Listen and show compassion. From your first day, work to share important information when appropriate and set up individual one-on-one meetings so employees can raise concerns. “Consider either making time for team meetings or having an open-door policy for your employees to discuss any organizational or policy changes,” Duncan said.
Sweaney’s team knows that they can approach him any time his office door is open. “If you’re paying your team to work and they’re stuck, that’s just not productive,” he said. “We’ve never bought into the-partners’-time-is-so-valuable-that-you-don’t-bother-them model.”
You want to be compassionate with your employees but avoid being too friendly, which could make it harder to point out when someone isn’t meeting performance objectives, Iennarella said. “I see this a lot, especially with new managers,” she said. However, some people go “too far the other way, and they don’t want to know anything,” Iennarella said. “You make your employees feel disposable and that’s not great, either.”
Avoid gossip. It is crucial to avoid gossiping about managers, partners, clients, and/or co-workers, Iennarella said. “One of the things I see happening with managers is they want to commiserate with somebody who’s on their team,” she said. “I have fairly well-formed opinions, but I try very hard to keep them to myself.”
It is particularly important to avoid idle chatter about upper management and the company overall. As a leader, “it’s your job to put a smile on your face, show your support, foster an environment of trust, encourage teamwork, and align your team,” said Duncan.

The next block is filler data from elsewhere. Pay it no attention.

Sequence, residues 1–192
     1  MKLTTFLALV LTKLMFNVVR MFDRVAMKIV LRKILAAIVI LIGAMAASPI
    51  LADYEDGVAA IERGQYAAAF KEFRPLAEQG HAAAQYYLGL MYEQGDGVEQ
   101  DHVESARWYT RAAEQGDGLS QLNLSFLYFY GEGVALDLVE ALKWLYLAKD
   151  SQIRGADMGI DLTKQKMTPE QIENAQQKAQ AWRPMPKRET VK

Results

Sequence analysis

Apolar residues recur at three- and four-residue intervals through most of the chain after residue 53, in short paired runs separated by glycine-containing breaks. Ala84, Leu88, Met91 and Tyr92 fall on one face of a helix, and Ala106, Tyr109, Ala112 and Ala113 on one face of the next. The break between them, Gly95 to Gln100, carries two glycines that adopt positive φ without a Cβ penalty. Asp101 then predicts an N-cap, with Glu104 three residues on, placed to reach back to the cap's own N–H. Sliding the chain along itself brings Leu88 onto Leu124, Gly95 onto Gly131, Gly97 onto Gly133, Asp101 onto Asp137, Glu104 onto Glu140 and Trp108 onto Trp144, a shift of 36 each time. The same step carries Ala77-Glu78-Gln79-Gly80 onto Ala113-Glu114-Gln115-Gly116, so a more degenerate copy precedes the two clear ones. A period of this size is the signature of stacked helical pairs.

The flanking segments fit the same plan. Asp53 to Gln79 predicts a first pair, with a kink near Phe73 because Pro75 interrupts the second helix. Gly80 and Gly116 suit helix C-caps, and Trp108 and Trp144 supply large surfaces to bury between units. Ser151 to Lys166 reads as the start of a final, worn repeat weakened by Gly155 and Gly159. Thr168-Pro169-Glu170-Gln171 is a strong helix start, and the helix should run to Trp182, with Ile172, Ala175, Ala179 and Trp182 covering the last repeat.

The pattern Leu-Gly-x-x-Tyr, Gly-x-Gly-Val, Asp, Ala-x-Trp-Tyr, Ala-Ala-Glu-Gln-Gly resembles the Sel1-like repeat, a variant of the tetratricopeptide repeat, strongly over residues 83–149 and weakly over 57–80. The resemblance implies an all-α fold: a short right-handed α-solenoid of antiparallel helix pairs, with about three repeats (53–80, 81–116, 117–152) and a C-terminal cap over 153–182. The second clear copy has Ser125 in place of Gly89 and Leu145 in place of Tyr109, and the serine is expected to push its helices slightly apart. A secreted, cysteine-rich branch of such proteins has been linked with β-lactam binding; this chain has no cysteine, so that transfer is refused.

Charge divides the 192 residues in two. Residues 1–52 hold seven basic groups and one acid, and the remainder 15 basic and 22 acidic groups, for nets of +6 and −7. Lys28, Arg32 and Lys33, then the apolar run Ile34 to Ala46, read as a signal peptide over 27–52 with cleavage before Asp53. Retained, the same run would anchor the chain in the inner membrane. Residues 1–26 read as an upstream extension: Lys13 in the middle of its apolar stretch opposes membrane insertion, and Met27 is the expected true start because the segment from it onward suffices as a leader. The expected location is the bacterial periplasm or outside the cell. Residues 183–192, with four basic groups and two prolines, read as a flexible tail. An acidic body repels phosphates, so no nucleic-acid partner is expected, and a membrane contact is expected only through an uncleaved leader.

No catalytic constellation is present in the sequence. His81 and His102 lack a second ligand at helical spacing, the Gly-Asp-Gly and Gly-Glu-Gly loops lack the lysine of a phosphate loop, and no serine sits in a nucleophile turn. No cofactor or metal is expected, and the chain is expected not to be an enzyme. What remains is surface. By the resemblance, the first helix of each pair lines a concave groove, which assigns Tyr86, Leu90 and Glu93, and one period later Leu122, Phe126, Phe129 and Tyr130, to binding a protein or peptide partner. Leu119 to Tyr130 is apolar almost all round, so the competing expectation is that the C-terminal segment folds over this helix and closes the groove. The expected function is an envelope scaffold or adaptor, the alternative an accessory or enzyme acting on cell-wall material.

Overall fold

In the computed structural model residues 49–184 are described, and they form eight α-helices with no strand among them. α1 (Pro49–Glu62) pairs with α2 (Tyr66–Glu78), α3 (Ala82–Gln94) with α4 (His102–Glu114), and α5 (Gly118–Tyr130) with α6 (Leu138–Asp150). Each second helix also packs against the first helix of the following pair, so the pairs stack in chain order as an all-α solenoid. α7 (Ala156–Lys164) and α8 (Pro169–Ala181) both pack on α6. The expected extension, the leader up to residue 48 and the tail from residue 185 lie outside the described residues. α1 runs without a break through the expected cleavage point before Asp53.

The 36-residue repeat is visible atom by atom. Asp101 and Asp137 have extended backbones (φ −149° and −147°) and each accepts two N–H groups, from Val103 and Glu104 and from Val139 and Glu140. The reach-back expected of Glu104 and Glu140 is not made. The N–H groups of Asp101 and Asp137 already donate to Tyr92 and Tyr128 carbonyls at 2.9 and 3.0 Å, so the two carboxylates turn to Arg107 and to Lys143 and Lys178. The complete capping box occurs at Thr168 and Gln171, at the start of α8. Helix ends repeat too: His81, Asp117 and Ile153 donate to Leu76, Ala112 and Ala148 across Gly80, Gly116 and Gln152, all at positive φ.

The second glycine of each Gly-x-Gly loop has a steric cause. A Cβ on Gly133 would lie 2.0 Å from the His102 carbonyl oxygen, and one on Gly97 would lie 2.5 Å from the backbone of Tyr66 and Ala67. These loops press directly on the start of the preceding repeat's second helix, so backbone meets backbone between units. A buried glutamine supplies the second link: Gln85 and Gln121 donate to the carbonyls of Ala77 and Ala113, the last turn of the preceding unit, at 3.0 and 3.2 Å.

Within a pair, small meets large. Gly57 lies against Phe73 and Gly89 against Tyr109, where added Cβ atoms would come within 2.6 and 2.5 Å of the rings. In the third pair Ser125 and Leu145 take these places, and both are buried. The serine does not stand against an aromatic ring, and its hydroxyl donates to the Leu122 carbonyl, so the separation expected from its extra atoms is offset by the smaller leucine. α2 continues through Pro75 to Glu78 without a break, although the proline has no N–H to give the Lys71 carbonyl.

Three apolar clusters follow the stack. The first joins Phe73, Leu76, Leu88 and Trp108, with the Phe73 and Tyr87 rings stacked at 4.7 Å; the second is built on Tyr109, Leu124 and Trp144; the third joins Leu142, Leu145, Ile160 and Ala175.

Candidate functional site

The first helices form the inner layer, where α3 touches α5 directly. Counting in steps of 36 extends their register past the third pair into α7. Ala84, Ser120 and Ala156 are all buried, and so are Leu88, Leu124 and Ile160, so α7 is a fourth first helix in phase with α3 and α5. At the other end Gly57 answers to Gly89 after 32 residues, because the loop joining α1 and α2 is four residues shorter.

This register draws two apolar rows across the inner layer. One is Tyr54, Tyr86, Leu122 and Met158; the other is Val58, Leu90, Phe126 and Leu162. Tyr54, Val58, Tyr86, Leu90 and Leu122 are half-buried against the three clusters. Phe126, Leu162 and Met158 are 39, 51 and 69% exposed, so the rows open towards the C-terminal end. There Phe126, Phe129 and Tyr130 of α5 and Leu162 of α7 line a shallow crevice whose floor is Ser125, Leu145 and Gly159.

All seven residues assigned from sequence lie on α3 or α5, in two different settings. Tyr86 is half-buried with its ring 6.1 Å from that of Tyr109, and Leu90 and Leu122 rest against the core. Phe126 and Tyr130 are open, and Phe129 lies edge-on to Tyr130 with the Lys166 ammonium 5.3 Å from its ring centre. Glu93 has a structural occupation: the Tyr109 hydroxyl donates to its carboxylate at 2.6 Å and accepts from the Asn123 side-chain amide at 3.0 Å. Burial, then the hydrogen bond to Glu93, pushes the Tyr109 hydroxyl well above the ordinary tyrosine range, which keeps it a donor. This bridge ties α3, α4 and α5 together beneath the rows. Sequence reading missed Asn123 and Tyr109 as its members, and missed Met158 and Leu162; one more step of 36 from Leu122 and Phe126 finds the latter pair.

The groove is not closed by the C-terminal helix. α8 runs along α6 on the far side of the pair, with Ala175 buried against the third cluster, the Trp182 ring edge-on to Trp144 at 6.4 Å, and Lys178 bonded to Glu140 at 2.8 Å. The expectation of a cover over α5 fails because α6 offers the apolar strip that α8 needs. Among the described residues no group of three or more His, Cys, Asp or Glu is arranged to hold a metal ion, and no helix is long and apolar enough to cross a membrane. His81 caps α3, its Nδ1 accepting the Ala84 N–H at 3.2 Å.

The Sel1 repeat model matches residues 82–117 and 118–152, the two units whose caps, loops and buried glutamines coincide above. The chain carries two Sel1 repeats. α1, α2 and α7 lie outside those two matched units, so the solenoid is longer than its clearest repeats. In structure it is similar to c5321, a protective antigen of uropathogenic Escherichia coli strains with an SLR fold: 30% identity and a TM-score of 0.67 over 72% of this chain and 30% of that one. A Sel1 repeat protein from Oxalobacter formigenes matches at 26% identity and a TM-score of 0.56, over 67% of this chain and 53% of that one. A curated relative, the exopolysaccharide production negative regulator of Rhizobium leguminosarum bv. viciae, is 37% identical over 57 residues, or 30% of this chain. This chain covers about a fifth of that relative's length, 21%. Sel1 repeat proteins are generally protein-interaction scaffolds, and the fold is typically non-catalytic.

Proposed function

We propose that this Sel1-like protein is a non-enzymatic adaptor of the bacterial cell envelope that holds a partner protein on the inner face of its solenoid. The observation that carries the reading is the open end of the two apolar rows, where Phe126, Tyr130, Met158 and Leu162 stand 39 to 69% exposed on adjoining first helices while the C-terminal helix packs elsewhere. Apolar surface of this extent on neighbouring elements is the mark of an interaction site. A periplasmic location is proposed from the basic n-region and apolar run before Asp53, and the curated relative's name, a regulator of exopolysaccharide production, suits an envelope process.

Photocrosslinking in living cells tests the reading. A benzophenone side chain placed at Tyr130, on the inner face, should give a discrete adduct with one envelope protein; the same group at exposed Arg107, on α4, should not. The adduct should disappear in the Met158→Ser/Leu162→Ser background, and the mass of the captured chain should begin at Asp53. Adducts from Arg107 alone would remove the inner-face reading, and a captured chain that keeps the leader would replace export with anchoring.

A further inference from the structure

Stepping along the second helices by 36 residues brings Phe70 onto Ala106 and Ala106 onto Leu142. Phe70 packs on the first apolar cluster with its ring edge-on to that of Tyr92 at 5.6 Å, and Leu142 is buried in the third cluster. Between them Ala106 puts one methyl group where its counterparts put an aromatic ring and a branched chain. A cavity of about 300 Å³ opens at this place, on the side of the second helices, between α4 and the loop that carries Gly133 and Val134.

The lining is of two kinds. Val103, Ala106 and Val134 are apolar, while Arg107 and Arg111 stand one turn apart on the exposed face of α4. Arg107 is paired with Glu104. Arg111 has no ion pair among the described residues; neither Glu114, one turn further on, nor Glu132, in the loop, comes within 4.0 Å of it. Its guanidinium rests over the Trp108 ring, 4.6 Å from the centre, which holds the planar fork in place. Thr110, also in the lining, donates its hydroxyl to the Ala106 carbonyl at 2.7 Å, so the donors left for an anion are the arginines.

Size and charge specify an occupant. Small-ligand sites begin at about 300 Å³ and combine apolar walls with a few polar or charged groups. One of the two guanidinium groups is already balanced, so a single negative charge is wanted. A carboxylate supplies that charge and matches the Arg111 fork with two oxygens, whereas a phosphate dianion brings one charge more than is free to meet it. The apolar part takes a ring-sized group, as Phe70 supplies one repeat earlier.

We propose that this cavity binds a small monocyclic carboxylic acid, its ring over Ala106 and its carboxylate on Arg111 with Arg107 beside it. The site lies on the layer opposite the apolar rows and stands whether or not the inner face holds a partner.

Delegate effectively. If you catch yourself wanting to do your old and new jobs, practice delegating. When done appropriately, this lets you focus on your job while helping others develop and grow, Duncan said. “Someone helped you develop the accounting skills and gain the experience for your new role, and now it’s time to help employees take their skills to the next level,” she said.
Assign tasks based on employee strengths and weaknesses. When Iennarella delegates, she tells the employee what she wants them to do and asks them to repeat the assignment back to her. This helps identify gaps in understanding and generates follow-up questions. “They’ll come back with questions that they wouldn’t have thought of until they started the process,” she said.
Don’t micromanage. The next objective is to balance checking in on progress without micromanaging. “There’s a fine line between empowering people and walking away and not supervising enough,” Iennarella said. “There’s this tight middle space where you’re keeping an eye on things, but you’re not big brothering them to death.”
Or, as Sweaney, who now manages four people, put it: “Avoid being overbearing. If you’re not trusting your team to get the work done, you’re not hiring the right people.”
As you change roles, remember that no one is a perfect manager from day one, McConnell said. Keep at it, and you’ll see progress. “Although I made my fair share of mistakes when I first became a manager, my team now sees me as an excellent leader and respects my position,” she said.
— Dawn Wotapka is a freelance writer based in Georgia. To comment on this article, contact Courtney Vien at [email protected]